Yellen’s First Challenge: Coping With Too-Low Inflation

Photographer: Pete Marovich/Bloomberg

Janet Yellen, vice chairman of the U.S. Federal Reserve. Close

Janet Yellen, vice chairman of the U.S. Federal Reserve.

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Photographer: Pete Marovich/Bloomberg

Janet Yellen, vice chairman of the U.S. Federal Reserve.

One of Janet Yellen’s first challenges as Federal Reserve chairman is generating enough inflation to meet the central bank’s target of 2 percent.

Policy makers have failed to attain their goal for almost two years and now are paring the pace of their bond buying. Inflation rose at a 0.9 percent rate for the 12 months ending in November, according to the central bank’s preferred measure. The last time prices were climbing at or above 2 percent was in April 2012.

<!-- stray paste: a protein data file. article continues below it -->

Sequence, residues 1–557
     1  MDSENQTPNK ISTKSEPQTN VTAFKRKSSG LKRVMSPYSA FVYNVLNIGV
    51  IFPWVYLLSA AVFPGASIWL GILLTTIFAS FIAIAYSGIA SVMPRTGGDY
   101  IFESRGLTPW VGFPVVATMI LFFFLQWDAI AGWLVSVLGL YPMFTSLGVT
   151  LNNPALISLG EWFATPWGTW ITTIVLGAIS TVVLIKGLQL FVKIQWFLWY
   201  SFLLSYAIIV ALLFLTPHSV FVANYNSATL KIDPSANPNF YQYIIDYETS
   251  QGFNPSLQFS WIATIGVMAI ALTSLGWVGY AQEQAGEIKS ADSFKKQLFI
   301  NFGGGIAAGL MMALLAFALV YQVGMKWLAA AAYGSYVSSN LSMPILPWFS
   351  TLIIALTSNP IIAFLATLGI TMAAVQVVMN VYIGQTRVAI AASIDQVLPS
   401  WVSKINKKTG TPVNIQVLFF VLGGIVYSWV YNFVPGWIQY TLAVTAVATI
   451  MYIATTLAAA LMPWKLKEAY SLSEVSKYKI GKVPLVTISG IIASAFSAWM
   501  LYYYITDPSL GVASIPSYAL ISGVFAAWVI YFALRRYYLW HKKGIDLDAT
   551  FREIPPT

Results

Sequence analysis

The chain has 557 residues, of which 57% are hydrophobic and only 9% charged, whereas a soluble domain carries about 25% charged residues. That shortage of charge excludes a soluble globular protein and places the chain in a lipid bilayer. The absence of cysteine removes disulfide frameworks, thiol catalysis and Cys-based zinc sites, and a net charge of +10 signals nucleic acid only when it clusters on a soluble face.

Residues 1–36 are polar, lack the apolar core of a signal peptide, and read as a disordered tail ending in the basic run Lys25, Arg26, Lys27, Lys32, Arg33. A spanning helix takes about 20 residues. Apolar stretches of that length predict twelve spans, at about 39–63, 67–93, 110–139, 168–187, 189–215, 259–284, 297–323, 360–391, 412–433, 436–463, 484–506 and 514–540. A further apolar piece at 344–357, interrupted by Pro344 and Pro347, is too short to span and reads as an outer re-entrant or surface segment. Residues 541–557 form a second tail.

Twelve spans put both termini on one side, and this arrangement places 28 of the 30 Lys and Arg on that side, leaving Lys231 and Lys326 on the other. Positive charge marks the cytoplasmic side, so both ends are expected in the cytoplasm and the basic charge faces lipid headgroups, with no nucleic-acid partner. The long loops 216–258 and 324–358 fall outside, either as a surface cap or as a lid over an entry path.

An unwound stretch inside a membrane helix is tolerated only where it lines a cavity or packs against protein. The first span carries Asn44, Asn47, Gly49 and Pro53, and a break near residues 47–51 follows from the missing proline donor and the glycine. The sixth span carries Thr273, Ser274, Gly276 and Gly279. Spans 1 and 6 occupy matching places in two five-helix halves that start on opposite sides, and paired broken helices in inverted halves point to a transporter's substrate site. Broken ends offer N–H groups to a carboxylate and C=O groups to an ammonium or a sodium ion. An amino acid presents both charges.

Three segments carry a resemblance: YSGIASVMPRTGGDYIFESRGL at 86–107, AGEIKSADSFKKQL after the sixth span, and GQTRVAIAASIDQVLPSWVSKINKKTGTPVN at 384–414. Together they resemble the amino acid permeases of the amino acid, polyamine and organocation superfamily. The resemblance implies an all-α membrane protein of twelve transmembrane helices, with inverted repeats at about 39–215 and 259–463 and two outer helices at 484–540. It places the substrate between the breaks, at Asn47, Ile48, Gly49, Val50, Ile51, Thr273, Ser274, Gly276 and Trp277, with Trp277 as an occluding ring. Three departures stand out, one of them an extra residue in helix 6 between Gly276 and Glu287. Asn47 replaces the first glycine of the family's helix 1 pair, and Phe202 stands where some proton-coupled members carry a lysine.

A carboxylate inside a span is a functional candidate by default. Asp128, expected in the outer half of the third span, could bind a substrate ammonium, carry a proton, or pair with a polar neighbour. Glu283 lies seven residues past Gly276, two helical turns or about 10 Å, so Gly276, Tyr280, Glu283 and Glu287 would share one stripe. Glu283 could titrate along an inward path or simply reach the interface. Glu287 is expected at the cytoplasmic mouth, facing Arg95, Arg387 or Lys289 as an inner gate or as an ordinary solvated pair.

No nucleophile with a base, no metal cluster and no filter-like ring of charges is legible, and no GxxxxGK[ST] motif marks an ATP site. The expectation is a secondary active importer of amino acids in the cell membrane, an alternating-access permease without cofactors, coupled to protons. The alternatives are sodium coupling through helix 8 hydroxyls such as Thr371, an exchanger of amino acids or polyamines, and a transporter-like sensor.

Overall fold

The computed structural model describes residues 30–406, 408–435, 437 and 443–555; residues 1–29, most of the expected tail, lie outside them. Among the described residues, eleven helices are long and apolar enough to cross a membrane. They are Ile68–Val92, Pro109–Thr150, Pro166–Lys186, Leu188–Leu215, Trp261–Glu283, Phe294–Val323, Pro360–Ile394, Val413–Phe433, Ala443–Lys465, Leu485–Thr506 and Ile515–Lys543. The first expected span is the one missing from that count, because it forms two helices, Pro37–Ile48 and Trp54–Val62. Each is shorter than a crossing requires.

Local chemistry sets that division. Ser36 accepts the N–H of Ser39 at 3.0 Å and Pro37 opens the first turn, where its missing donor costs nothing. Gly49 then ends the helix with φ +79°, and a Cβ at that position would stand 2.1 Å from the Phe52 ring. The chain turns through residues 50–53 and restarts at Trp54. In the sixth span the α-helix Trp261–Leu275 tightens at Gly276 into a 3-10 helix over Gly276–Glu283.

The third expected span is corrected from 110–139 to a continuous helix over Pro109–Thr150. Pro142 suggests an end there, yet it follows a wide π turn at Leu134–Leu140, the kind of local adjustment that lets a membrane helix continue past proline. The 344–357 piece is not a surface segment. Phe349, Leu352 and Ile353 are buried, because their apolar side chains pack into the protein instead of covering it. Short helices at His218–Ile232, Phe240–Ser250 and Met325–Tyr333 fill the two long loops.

“Every month that passes with inflation stuck below the target, the pressure to come up with a plan to deal with it grows,” said Ethan Harris, co-head of global economics research at Bank of America Corp. in New York. “They are slowly acknowledging that this is a serious risk.”

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Eric Rosengren, president of the Federal Reserve Bank of Boston, said in a Jan. 7 speech that too-low inflation can be “a cause for real concern” because it increases the possibility a “negative shock” to the economy may lead to deflation. That could cause households to delay purchases in anticipation of even lower prices and companies to postpone investment and hiring as demand for their products dries up. Too-low inflation also means higher inflation-adjusted interest rates, making it harder to achieve a sufficient pace of growth.

“Furthermore, persistently low inflation can theoretically undermine the credibility of the central bank,” said Rosengren, who dissented against the December decision to cut monthly bond buying by $10 billion. If the Fed announces a goal “but is unable to achieve that target in a reasonable time frame, some may call into question its ability to do so in the medium- or long-term as well.”

Job-Market Improvement